Helping people achieve and maintain a healthy body weight is important since, as we health and wellness professionals know, obesity increases the risk for chronic health concerns including high blood pressure, cardiovascular disease, and type 2 diabetes. If you are familiar with the DASH diet, it may come as no surprise that including recommended servings of low-fat or fat-free milk, yogurt, and cheese as part of a balanced eating plan may be part of the solution when it comes to reducing cardiovascular disease risk. As noted in the 2010 Dietary Guidelines for Americans (DGA) and as science continues to support, consumption of dairy products is linked to reduced risk of certain chronic diseases and does not play a role in weight management. Read the rest of this entry »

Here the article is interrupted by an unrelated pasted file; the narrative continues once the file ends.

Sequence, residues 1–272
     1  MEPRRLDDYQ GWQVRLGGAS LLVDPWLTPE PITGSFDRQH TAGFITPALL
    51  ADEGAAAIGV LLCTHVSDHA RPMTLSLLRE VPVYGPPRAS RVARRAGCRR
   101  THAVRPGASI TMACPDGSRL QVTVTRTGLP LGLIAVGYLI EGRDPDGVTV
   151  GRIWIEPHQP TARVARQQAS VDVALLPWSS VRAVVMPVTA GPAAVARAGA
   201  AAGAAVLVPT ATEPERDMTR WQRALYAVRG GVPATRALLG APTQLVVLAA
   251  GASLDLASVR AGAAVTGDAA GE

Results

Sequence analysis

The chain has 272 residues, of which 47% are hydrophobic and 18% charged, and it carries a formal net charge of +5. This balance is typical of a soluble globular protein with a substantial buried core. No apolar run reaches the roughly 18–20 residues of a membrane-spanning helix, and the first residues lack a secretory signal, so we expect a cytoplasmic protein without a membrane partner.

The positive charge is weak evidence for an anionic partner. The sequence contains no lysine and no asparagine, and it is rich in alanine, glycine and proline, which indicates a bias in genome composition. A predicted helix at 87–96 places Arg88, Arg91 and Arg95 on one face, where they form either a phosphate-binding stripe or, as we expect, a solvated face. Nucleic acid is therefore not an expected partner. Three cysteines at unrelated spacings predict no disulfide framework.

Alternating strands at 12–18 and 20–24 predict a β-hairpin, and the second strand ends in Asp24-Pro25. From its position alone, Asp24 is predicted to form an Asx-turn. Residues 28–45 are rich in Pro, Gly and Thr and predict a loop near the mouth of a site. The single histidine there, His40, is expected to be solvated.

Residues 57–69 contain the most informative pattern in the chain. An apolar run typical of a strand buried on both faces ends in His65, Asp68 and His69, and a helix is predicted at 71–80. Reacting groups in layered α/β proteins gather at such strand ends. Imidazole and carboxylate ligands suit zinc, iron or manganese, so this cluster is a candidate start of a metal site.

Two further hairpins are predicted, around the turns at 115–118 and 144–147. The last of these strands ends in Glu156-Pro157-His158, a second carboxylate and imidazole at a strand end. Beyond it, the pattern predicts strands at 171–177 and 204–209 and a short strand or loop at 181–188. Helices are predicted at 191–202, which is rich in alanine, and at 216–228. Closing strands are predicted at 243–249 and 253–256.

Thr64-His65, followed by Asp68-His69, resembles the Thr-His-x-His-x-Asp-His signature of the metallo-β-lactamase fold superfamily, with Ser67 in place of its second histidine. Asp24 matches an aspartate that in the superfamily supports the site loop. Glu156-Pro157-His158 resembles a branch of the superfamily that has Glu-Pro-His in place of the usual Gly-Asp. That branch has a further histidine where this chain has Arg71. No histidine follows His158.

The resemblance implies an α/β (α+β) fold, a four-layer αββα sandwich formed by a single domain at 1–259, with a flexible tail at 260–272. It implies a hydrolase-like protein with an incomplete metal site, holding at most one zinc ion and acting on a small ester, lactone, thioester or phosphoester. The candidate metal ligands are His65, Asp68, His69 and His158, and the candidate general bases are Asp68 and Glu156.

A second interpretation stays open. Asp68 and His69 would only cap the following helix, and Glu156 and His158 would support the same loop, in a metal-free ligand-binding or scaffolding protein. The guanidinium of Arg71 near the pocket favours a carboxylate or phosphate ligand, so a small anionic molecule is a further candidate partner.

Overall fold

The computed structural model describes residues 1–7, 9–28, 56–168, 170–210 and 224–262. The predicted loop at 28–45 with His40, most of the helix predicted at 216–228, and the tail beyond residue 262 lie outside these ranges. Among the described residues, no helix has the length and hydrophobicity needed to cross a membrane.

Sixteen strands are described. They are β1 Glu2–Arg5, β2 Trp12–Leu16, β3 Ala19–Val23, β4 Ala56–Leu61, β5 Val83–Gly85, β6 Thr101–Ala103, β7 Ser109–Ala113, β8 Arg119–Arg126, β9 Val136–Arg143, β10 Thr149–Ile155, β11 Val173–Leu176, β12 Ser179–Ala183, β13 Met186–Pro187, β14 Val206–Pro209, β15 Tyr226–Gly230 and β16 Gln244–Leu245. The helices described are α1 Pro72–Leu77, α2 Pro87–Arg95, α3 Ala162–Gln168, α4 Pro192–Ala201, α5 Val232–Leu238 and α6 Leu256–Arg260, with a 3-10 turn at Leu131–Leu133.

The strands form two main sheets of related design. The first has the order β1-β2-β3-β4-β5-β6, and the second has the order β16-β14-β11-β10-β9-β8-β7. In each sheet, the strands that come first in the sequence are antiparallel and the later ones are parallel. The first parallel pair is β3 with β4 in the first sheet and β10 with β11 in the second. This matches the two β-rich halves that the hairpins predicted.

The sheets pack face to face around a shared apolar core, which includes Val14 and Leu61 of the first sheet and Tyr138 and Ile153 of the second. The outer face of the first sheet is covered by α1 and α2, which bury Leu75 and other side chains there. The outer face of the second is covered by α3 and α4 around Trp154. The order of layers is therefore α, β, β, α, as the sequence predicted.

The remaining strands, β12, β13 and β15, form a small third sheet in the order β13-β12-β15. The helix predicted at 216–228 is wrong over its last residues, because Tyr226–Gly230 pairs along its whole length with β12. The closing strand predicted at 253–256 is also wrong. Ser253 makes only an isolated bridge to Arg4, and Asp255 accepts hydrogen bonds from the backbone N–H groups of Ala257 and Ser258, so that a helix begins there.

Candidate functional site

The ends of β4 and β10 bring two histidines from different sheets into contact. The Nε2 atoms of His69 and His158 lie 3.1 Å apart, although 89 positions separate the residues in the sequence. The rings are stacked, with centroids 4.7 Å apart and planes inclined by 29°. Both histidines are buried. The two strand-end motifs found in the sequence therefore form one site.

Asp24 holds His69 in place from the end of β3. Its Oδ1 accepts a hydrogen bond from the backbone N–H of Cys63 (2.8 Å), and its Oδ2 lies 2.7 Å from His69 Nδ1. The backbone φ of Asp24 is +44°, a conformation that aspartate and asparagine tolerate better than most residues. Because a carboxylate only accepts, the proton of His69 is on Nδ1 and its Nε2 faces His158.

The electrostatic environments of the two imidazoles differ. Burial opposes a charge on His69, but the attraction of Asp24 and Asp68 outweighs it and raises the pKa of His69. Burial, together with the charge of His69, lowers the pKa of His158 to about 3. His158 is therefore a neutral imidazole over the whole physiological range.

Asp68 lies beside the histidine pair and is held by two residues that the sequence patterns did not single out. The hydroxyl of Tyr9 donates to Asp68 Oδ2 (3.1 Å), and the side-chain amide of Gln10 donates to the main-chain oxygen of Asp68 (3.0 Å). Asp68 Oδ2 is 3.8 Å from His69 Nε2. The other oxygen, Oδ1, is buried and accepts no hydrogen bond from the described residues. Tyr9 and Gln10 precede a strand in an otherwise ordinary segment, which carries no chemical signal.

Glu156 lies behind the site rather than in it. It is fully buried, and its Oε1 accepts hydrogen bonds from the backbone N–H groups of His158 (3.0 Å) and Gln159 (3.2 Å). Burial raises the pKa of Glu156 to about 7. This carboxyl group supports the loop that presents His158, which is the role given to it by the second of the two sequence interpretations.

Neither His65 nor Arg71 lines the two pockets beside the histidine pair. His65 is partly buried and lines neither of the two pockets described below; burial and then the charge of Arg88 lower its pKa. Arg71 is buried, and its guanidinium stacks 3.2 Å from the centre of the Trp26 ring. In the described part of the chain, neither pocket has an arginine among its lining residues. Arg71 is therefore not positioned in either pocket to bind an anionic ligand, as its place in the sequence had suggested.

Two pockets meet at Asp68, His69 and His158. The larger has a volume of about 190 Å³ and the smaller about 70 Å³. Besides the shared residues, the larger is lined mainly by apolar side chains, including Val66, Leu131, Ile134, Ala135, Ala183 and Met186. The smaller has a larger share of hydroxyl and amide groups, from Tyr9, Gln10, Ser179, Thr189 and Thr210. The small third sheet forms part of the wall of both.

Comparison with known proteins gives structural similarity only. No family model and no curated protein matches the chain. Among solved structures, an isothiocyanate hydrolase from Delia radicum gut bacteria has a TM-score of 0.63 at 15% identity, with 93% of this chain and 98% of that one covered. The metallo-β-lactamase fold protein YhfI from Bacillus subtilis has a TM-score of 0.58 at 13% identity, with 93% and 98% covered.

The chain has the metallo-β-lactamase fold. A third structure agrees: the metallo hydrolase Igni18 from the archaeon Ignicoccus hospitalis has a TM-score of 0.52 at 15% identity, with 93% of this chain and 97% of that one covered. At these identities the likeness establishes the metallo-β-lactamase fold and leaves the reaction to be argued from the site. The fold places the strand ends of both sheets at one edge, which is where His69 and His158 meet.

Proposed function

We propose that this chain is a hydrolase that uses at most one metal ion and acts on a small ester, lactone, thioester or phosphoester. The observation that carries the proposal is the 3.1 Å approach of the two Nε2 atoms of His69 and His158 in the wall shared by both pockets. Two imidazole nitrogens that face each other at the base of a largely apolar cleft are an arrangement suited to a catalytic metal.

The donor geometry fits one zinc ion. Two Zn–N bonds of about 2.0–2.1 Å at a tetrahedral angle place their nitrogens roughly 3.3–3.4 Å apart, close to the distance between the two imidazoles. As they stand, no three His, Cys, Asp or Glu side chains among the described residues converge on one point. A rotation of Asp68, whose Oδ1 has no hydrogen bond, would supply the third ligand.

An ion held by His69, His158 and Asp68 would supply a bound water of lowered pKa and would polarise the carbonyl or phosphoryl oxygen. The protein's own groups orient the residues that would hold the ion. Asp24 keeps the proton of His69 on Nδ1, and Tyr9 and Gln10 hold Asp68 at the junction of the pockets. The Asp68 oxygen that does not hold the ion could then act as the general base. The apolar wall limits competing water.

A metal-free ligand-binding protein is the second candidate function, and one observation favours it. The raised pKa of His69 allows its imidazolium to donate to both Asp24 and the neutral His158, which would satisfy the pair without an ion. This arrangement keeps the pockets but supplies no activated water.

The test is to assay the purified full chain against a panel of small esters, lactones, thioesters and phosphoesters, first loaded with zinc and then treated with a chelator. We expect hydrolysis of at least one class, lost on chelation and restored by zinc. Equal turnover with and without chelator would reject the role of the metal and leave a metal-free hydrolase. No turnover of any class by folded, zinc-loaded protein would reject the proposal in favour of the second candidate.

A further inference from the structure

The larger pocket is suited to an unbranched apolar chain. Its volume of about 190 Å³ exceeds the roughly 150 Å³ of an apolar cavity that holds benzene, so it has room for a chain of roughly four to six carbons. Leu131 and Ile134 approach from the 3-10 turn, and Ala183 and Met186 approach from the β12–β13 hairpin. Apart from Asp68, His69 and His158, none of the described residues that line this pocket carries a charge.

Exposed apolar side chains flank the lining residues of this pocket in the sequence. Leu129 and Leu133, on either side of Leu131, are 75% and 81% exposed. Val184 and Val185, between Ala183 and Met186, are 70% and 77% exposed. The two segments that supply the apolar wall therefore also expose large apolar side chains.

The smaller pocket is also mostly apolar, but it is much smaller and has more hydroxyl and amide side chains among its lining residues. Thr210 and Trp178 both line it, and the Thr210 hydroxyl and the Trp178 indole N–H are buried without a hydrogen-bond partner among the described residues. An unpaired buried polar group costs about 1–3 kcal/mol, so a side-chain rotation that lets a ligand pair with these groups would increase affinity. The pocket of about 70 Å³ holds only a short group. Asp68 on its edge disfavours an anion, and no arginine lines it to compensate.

Judith Jarvis, MS, RDN @ 7:00 AM
While on a flight home recently, I listened as the flight crew told passengers that “in the event of an emergency the oxygen masks will drop down. Put on your own oxygen mask first, before helping others.” I thought how important that instruction is in many other situations as well. If we, as health and wellness professionals, don’t take care of ourselves, we are in no position to be of any help to others. The same is true for our clients.
Though the holidays are not considered an emergency, at times all the extra activities and responsibilities can leave people exhausted. After all, expectations are high — our own and those of others. With so much to do, getting enough sleep, physical activity and eating right, often get pushed to the bottom of the list. That’s my tendency, anyway.